Blood. 2006 Jun 15;107(12):4606-13. Epub 2006 Feb 9.

Monday, October 09, 2006

Neonatal Septicemia

Blood Cell Deformation in Neonates Who Have Sepsis

Otwin Linderkamp, Johannes Pöschl, Peter Ruef
Division of Neonatology, Department of Pediatrics, University of Heidelberg, Heidelberg, Germany

Objectives. After completing this article, readers should be able to:
1- Describe alterations of red blood cells due to bacterial toxins.
2- Describe physical alterations of neutrophils during activation.
3- Delineate the role of red and white blood cells in the impairment of microcirculation and organ damage in sepsis.
4- List drugs that may inhibit neutrophil activation and improve their deformability and their actions.

Introduction. Sepsis remains a major cause of morbidity and mortality in neonates, particularly among preterm infants. (1) Impaired microcirculatory blood flow plays a pivotal role in the development of clinical manifestations and organ dysfunctions in severe sepsis and septic shock. (2)(3)(4) If not corrected, microcirculatory dysfunction can progress to organ dysfunction and subsequently to organ failure and death. Restoration of microcirculatory dysfunction is, therefore, an important step in preventing long-term sequelae (including brain damage) and death of the patient.
Both red and white blood cells must deform to pass through narrow channels whose diameters are less than those of the cells. (5) Impaired deformability of red and white blood cells may contribute to impaired microcirculatory blood flow in septicemia.

Impaired Deformability of Red Blood Cells in Neonatal Septicemia.
The membranes of neonatal red blood cells (RBCs) deform more in response to a given force than adult cells and are, therefore, more flexible. (6)(7) On the other hand, neonatal RBCs are larger and require higher pressures to enter filter pores and micropipettes that have diameters below the resting cellular diameters. (8)(9) The larger volume and increased deformability of neonatal RBCs are responsible for another favorable property, the increased Fahraeus and Fahraeus-Lindqvist effect (ie, hematocrit and viscosity reduction when going from 500- to 50-mcm tubes). (10) These favorable flow properties of neonatal RBCs suggest that their increased cellular deformability is a prerequisite for . . . [Full Text of this Article]

NeoReviews Vol.7 No.10 2006 e517
© 2006 American Academy of Pediatrics

Electronic Fetal Monitoring

Electronic Fetal Monitoring Case Review Series

Maurice L. Druzin, MDJulie M.R. Arafeh, RN, MSN

Electronic fetal monitoring (EFM) is a popular technology used to establish fetal well-being. Despite its widespread use, terminology used to describe patterns seen on the monitor has not been consistent until recently. In 1997, the National Institute of Child Health and Human Development (NICHD) Research Planning Workshop published guidelines for interpretation of fetal tracings. This publication was the culmination of 2 years of work by a panel of experts in the field of fetal monitoring and has been endorsed by both the American College of Obstetricians and Gynecologists (ACOG) and the Association of Women’s Health, Obstetric and Neonatal Nurses (AWHONN). The terminology definitions and assumptions found in the NICHD publication form the basis for interpretation of the fetal tracings in this series and are summarized here.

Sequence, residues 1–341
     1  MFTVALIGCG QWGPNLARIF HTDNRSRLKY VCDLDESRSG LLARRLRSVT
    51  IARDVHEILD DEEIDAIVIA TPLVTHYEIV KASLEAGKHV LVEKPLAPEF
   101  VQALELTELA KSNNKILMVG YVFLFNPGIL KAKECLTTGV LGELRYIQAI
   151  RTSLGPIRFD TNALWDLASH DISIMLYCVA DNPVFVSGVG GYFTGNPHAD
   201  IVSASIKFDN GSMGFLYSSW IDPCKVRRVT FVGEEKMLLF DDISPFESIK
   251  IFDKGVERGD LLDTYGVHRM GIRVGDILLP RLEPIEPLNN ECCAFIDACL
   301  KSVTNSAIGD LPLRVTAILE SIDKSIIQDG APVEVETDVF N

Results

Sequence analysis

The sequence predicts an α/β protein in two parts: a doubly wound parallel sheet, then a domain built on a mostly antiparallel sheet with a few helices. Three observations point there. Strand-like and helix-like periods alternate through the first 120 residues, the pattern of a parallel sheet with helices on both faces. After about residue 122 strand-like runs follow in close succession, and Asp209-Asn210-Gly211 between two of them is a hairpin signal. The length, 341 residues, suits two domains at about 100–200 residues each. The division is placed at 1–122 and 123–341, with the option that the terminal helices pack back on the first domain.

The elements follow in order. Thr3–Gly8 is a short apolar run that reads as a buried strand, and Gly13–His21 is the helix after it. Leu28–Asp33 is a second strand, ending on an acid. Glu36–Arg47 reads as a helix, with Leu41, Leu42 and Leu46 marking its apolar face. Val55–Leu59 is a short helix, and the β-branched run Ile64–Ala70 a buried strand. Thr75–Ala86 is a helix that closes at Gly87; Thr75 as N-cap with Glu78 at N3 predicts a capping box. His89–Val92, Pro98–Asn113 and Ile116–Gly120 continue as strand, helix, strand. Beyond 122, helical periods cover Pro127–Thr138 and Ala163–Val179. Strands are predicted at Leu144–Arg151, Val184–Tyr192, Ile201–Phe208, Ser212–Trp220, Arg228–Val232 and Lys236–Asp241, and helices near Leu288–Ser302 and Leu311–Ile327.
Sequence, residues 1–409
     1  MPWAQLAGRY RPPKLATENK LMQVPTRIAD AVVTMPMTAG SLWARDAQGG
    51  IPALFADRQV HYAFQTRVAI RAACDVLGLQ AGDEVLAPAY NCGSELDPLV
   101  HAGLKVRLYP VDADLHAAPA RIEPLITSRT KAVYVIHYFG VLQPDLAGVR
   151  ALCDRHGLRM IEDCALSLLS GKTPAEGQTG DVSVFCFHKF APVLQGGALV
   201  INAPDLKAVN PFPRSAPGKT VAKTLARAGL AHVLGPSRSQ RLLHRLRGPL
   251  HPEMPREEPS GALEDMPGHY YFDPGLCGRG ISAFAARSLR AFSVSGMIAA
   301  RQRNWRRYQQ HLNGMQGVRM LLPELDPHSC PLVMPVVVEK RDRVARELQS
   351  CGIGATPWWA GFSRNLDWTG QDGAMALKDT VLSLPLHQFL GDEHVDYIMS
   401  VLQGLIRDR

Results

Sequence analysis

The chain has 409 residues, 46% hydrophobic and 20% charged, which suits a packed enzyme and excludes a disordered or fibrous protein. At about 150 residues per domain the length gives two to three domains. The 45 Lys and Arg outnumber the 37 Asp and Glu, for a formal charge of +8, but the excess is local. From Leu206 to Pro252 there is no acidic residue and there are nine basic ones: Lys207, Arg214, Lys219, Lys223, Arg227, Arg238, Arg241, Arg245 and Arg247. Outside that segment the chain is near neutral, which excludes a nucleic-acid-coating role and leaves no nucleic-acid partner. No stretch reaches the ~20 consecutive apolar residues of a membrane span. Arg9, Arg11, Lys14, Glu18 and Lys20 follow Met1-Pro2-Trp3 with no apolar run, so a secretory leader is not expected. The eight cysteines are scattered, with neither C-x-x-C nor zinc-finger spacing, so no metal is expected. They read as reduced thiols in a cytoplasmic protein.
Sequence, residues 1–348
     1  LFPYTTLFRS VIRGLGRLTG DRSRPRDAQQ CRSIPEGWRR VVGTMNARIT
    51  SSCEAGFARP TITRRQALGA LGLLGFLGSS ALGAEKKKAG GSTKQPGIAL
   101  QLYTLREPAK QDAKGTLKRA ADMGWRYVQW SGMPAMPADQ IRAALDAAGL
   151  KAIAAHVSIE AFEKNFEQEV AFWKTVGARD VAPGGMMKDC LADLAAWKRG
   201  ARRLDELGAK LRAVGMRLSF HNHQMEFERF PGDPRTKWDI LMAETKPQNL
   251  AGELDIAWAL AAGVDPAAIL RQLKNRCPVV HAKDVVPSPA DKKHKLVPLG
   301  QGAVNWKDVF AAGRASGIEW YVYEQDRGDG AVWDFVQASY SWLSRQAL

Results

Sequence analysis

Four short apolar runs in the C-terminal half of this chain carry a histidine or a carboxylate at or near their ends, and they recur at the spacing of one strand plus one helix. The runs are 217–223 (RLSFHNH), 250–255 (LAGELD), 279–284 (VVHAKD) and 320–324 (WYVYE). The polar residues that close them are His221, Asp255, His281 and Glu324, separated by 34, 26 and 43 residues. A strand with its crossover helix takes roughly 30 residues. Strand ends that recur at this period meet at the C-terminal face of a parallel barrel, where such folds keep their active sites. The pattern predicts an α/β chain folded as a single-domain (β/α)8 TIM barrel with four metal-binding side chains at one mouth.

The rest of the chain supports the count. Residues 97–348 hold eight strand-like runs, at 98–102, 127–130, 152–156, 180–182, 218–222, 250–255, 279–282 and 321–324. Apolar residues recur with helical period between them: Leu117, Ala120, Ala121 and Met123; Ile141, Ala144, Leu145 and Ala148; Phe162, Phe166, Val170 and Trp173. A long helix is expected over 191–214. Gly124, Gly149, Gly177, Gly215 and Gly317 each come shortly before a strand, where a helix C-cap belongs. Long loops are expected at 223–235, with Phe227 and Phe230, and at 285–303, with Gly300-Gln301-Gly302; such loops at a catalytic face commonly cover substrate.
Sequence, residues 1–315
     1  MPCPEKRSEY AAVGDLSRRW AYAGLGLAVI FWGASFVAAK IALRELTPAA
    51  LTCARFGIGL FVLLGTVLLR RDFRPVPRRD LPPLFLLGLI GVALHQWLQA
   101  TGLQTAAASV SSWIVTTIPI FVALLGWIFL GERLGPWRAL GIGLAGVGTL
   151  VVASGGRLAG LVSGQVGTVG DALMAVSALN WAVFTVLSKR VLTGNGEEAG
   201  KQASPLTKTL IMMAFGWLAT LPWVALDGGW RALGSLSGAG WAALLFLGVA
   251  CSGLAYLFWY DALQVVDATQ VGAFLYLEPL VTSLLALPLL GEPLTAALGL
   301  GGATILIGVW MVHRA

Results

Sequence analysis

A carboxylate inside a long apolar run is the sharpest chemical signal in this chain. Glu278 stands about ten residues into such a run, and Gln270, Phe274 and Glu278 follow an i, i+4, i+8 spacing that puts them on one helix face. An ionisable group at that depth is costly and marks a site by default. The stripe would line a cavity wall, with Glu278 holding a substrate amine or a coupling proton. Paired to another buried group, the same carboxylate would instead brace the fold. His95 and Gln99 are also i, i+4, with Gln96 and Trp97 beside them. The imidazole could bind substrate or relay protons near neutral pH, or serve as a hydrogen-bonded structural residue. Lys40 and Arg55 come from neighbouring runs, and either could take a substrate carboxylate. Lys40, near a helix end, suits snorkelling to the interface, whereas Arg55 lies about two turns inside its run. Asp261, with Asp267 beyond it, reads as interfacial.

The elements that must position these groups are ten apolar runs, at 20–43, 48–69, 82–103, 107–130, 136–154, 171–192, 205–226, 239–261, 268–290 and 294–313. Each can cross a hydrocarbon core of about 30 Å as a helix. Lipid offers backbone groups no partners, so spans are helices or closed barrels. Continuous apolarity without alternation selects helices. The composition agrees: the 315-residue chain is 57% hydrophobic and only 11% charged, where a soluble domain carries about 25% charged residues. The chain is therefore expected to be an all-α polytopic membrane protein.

Assumptions from the NICHD Workshop:
- Definitions are developed for visual interpretation
- Definitions apply to tracings generated by internal or external monitoring devices
- Periodic patterns are differentiated based on waveform, abrupt or gradual (eg, late decelerations have a gradual onset and variable decelerations have an abrupt onset)
- Long- and short-term variability are evaluated visually as a unit
- Gestational age of the fetus is considered when evaluating patterns
- Components of fetal heart rate (FHR) do not occur alone and generally evolve over time
Definitions/ Baseline Fetal Heart Rate
- Approximate mean FHR rounded to increments of 5 beats/min in a 10-minute segment of tracing, excluding periodic or episodic changes, periods of marked variability, and segments of baseline that differ by >25 beats/min
- In the 10-minute segment, the minimum baseline duration must be at least 2 minutes or the baseline for that segment is indeterminate
- Bradycardia is a baseline of <110>Full Text of this Article]

NeoReviews Vol.7 No.7 2006 e374
© 2006 American Academy of Pediatrics

Sunday, October 08, 2006



S. Philip Morgan(1) and ­ Miles G. Taylor(2)­

1) Department of Sociology, Duke University, Durham, North Carolina 27708;
2) Carolina Population Center, University of North Carolina, Chapel Hill, North Carolina;